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Decision on Rochester postal facility closing could be announced Monday

Rochester residents will watch and wait Monday to see if their pleas were heard to save the U.S. Postal Service's Rochester Processing and Distribution Facility .

It's possible the decision on closing Rochester's site could be announced Monday. The Rochester facility and sorting that mail at the St. Paul Processing and Distribution Center would save $3.6 million, according to the postal service. However, it would also affect the 89 workers here and delay first class mail delivery by one to two days.

The Rochester move is just one of a number of sites targeted for closing in unprecedented cuts by the cash-strapped U.S. Postal Service that will slow first-class delivery next spring and, for the first time in 40 years, eliminate the chance for stamped letters to arrive the next day.

The estimated $3 billion in reductions, to be announced in broader detail later today, are part of a wide-ranging effort by the postal service to quickly trim costs and avert bankruptcy. They could slow everything from check payments to Netflix's DVDs-by-mail, add costs to mail-order prescription drugs, and threaten the existence of newspapers and time-sensitive magazines delivered by postal carrier to far-flung suburban and rural communities.

"It's a potentially major change, but I don't think consumers are focused on it and it won't register until the service goes away," said Jim Corridore, analyst with S&P Capital IQ, who tracks the shipping industry. "Over time, to the extent the customer service experience gets worse, it will only increase the shift away from mail to alternatives. There's almost nothing you can't do online that you can do by mail."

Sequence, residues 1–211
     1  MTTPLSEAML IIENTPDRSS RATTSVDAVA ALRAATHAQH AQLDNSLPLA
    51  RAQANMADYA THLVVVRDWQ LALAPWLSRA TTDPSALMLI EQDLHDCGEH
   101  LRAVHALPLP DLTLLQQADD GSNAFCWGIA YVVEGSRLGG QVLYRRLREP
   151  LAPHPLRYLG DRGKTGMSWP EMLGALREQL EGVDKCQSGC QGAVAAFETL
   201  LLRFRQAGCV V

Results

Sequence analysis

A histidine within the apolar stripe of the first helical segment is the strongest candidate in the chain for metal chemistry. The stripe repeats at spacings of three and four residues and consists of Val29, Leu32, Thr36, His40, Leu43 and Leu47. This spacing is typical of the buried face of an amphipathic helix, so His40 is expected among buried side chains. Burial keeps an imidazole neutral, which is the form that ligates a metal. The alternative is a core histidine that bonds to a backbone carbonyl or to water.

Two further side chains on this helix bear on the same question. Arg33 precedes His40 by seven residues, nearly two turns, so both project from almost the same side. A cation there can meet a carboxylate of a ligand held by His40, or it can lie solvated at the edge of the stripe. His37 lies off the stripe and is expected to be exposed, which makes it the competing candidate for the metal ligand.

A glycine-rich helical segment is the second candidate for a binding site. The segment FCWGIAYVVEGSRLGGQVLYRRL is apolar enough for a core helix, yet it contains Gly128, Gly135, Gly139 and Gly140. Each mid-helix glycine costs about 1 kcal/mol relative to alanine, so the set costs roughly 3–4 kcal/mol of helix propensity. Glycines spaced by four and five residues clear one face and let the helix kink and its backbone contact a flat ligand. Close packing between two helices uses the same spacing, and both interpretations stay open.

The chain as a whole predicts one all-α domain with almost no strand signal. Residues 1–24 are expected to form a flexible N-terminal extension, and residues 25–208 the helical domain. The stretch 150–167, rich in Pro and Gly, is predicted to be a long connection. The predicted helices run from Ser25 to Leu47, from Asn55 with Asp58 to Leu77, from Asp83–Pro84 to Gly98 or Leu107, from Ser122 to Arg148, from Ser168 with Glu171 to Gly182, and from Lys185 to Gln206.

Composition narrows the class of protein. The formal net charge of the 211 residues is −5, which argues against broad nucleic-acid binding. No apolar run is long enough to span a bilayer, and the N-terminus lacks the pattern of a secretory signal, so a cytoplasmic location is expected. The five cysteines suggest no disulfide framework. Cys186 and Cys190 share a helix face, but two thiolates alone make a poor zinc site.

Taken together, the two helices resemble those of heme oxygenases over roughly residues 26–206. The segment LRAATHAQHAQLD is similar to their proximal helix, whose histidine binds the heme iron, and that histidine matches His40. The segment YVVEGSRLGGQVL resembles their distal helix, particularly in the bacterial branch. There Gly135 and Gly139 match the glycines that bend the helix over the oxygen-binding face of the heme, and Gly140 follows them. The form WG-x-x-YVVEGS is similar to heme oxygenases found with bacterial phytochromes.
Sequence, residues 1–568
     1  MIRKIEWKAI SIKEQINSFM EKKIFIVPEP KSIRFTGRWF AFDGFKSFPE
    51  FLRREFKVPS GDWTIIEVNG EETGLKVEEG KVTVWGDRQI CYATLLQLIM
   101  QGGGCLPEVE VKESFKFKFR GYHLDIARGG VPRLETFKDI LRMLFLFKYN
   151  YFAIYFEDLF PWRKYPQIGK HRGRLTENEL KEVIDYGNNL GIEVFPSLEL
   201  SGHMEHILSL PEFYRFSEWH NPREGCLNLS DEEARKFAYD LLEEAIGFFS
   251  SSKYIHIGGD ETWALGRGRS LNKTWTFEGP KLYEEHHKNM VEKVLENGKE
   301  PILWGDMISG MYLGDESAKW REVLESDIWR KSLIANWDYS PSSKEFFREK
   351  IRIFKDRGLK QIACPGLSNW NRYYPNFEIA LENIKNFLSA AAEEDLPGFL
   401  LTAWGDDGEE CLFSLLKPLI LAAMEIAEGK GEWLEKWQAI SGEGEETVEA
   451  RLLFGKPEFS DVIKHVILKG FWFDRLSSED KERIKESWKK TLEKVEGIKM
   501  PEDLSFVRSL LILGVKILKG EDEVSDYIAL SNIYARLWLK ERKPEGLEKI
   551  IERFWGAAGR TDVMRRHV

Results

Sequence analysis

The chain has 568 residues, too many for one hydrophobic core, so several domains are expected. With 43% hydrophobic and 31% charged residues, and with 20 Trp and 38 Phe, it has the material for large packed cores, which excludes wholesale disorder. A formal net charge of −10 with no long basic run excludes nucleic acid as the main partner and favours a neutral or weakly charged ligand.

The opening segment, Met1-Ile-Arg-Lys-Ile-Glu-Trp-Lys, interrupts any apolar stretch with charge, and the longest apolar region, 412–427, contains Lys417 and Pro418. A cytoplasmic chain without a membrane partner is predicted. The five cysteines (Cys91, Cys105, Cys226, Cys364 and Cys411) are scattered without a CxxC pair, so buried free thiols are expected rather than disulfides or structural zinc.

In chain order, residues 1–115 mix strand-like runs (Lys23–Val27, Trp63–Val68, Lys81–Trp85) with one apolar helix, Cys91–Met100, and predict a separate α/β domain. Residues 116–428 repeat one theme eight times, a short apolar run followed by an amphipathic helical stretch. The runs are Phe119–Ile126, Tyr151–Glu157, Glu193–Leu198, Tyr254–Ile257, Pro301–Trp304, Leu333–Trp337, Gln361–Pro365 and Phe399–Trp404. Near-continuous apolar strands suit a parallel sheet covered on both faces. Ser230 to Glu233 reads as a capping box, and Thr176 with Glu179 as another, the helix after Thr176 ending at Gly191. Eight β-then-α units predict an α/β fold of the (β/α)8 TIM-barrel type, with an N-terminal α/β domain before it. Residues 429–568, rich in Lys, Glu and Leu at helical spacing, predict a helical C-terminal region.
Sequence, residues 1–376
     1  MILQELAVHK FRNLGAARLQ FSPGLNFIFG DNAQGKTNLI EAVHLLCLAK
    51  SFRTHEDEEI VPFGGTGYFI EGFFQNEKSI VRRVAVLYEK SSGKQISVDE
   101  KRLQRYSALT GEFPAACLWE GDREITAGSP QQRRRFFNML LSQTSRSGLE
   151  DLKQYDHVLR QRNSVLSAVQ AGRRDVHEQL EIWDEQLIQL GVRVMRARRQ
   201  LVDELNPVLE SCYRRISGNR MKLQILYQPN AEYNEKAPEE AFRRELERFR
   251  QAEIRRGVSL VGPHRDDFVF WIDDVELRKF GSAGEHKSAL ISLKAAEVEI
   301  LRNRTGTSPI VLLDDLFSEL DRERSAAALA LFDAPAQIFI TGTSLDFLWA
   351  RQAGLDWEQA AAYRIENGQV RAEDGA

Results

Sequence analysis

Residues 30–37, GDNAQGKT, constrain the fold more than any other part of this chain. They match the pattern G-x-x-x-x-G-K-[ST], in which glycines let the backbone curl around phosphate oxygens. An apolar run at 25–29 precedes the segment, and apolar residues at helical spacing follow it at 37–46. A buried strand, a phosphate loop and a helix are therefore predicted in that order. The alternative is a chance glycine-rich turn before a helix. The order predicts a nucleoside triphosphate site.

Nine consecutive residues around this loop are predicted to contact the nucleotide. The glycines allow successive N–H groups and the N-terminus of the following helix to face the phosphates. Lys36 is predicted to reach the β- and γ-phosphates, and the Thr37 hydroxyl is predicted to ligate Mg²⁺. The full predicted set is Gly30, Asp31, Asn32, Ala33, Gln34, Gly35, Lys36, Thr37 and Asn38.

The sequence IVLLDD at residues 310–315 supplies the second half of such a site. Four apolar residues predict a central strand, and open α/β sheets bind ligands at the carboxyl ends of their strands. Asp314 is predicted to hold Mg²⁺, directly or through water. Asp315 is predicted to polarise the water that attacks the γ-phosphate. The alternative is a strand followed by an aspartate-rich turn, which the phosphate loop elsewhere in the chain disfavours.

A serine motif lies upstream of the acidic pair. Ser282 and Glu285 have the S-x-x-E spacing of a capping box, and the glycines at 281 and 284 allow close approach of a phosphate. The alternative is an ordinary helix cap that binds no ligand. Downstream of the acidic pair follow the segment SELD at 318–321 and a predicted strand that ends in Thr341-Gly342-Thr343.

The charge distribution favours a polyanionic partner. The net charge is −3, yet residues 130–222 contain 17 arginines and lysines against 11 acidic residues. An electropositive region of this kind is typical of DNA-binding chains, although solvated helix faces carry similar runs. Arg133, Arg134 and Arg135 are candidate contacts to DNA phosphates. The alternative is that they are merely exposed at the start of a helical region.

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The cuts would close roughly 250 of the nearly 500 mail processing centers across the country as early as next March. Because the consolidations would typically lengthen the distance mail travels from post office to processing center, the agency would also lower delivery standards for first-class mail that have been in place since 1971. Currently, first-class mail is supposed to be delivered to homes and businesses within the continental U.S. in one to three days; that will be lengthened to two to three days, meaning mailers could no longer expect next-day delivery in surrounding communities. Periodicals could take between two and nine days.

The postal service already has announced a 1-cent increase in first-class mail to 45 cents beginning Jan. 22.

The consolidation of mail processing centers is in addition to the planned closing of about 3,700 local post offices. In all, roughly 100,000 postal employees could be cut as a result of the various closures, resulting in savings of up to $6.5 billion a year.

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